Dr. Scaff gave a short talk on what to do once you’ve completed the marathon.
Now that the 2011 Honolulu Marathon is done, the Honolulu Marathon Clinic will not meet until March of 2012. Why do we take the next few months off? In fact, the Marathon Clinic used to continue meeting after the Marathon, but the runners incurred the worst injuries ever. It was decided, therefore, that the Honolulu Marathon Clinic would no longer provide a training environment where runners can hurt themselves. That said, taking time off from running after a marathon is as important as the time you spent running.
The Marathon is always injurious, but the training is not. In the first year of training, assume any run over 20 miles is automatically an injury, and, consider yourself injured for 6 weeks.
So, what do you do after a marathon? Rest for a week or two. Enjoy watching football games on television, go to a swap meet, do anything that is definitely “not running”. Bear in mind that once you stop running you lose “training effect”. If you lay off running altogether you can lose everything you’ve gained. So after a week or two of rest, go out for a slow 1-hour run. See how you feel. If it isn’t too bad, try to work back up to running slowly for 1 hour, 3 times per week for a month or so.
It’s ok to start with slow runs that are just 20 to 30 minutes. Your body will tell you when you are recovered.
After a few weeks you’ll notice that your speed picks up automatically. This means you have fully recovered and are ready to start training again.
At that point you can begin training for The Great Aloha Run (Monday, February 20, 2012), but it is important that you remember the10% Rule: All racing, intervals, or sprints cannot exceed 10% of total mileage. Ever! So, for example, if you are going to do another marathon, the 10% Rule dictates that you now need to do 260 training miles of recreational, slow, long-distance running before you do any interval work or enter even a 1-mile race.
The 10% Rule prevents you from running too much, which tends to lead to injuries. This rule applies not only to the marathon but also to racing and training in general, and is for world-class runners as well as novices. While not written in stone, the recommendations of the 10% Rule are based on the observations of, literally, tens of thousands of beginning and experienced runners.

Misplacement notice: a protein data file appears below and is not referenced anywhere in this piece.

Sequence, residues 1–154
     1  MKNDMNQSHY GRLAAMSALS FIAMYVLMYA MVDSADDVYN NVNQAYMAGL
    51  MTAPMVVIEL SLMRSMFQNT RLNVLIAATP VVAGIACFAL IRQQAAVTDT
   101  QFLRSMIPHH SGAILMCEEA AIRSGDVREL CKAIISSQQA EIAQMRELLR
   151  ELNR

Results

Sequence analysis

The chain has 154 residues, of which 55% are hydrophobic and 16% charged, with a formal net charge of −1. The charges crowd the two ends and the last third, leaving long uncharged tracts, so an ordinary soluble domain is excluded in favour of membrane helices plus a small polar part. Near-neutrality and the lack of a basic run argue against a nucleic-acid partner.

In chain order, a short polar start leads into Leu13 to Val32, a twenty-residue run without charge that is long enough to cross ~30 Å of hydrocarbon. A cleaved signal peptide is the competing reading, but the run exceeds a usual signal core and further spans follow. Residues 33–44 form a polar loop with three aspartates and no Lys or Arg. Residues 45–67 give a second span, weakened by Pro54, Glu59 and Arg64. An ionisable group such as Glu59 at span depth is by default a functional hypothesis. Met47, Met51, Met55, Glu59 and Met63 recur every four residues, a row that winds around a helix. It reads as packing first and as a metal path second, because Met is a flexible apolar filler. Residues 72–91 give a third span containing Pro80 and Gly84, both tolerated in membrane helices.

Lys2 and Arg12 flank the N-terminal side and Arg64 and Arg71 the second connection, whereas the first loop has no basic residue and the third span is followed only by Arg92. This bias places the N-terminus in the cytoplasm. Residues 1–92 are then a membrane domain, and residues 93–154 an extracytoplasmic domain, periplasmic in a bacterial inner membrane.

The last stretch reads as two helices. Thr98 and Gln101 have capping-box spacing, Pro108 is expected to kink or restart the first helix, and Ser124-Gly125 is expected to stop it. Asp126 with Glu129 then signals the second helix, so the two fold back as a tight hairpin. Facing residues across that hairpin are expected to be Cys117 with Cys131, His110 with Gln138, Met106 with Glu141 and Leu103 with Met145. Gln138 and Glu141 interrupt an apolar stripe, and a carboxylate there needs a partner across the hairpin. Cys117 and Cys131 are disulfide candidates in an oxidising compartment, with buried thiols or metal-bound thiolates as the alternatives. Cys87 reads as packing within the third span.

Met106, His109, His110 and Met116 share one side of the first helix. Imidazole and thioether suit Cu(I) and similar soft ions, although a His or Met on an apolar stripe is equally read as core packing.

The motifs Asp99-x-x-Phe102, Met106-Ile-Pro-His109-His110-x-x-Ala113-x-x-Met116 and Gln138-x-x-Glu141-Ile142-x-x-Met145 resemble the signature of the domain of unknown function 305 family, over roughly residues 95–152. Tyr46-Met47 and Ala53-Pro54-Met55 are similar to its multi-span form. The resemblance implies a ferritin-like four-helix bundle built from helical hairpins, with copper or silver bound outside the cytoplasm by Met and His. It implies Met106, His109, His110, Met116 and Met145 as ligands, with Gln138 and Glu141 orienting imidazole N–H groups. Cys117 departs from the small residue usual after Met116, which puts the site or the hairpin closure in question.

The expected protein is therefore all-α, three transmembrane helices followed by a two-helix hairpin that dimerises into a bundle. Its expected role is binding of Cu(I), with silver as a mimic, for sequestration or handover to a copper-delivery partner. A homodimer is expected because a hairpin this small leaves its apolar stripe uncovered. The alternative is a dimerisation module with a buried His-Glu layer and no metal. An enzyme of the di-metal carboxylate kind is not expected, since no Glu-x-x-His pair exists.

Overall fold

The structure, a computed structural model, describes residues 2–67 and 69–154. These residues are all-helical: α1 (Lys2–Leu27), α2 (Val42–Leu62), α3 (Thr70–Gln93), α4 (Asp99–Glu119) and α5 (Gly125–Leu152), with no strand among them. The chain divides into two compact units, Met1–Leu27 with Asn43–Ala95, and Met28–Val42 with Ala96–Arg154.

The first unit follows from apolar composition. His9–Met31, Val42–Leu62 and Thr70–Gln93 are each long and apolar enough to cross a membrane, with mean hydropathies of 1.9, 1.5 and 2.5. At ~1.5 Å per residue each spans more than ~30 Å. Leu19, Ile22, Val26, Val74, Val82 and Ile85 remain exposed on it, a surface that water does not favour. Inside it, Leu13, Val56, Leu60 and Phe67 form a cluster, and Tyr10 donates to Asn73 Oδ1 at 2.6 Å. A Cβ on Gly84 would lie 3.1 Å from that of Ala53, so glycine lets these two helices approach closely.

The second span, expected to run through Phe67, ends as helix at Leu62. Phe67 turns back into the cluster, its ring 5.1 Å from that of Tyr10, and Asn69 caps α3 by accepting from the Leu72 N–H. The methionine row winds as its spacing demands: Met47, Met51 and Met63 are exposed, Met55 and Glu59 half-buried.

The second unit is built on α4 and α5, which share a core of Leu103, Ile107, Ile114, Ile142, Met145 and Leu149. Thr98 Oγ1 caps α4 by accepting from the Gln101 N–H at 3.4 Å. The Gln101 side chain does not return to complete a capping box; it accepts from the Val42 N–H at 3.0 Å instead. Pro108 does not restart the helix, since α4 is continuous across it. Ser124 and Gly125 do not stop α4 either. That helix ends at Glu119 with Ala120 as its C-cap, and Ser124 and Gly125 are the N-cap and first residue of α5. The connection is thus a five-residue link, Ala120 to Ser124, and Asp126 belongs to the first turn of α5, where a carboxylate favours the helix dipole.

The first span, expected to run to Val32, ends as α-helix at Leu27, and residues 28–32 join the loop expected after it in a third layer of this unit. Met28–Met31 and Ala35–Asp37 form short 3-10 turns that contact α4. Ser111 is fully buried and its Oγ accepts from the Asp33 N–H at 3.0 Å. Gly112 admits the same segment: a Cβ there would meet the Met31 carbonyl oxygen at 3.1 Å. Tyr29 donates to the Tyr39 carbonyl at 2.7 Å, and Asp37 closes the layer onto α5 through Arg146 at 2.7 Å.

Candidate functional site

- If you maintain your conditioning by running 30 miles per week as a base, on any given day you will finish the marathon in the same time as the one you just completed. You are already in shape; you just have to maintain your base.
- It takes 13 years to reach your peak as a marathon runner. The people winning marathons are not in their 20s (as you find in many other sports), most winning marathoners are in their late 20s or mid-30s. If you are 45 and maintain your training at 30 miles per week for several years, when you are 60 you will run the course faster than when you are 45. This is why in marathoning we say, “Once you’re over the hill, you go faster.”
- Twenty percent of the people who broke the 3-hour mark in the 2011 Honolulu Marathon were from Honolulu!
Peter Garcia added that this year several people did the marathon in less than 4 hours, and a number of people came back from great adversity and finished the marathon this year.
The purpose of having you train is to make you healthy citizens now and in the years to come!
For some good reading on nutrition, Dr. Scaff recommends everyone check out the daily postings on Dr. Alan Titchenal’s “Got Nutrients?” web site: http://gotnutrients.net/tips.cfm
Here are a few recent postings from the “Got Nutrients?” web site:
December 19, 2011
While consuming a low calorie diet for weight loss, those who consumed most of the day’s carbohydrate calories in their evening meal lost more weight and experienced less hunger than those who spread out carbohydrate intake evenly across the day.
Save Your Carbs For Dinner?
Obesity (Silver Spring). 2011 Oct;19(10):2006-14
December 18, 2011
A small study with eight type 2 diabetic participants found that daily brief, high intensity exercise (ten 1-minute bouts of exercise with one minute of rest between each bout) greatly improved blood glucose control within two weeks.
J Appl Physiol. 2011 Dec;111(6):1554-60.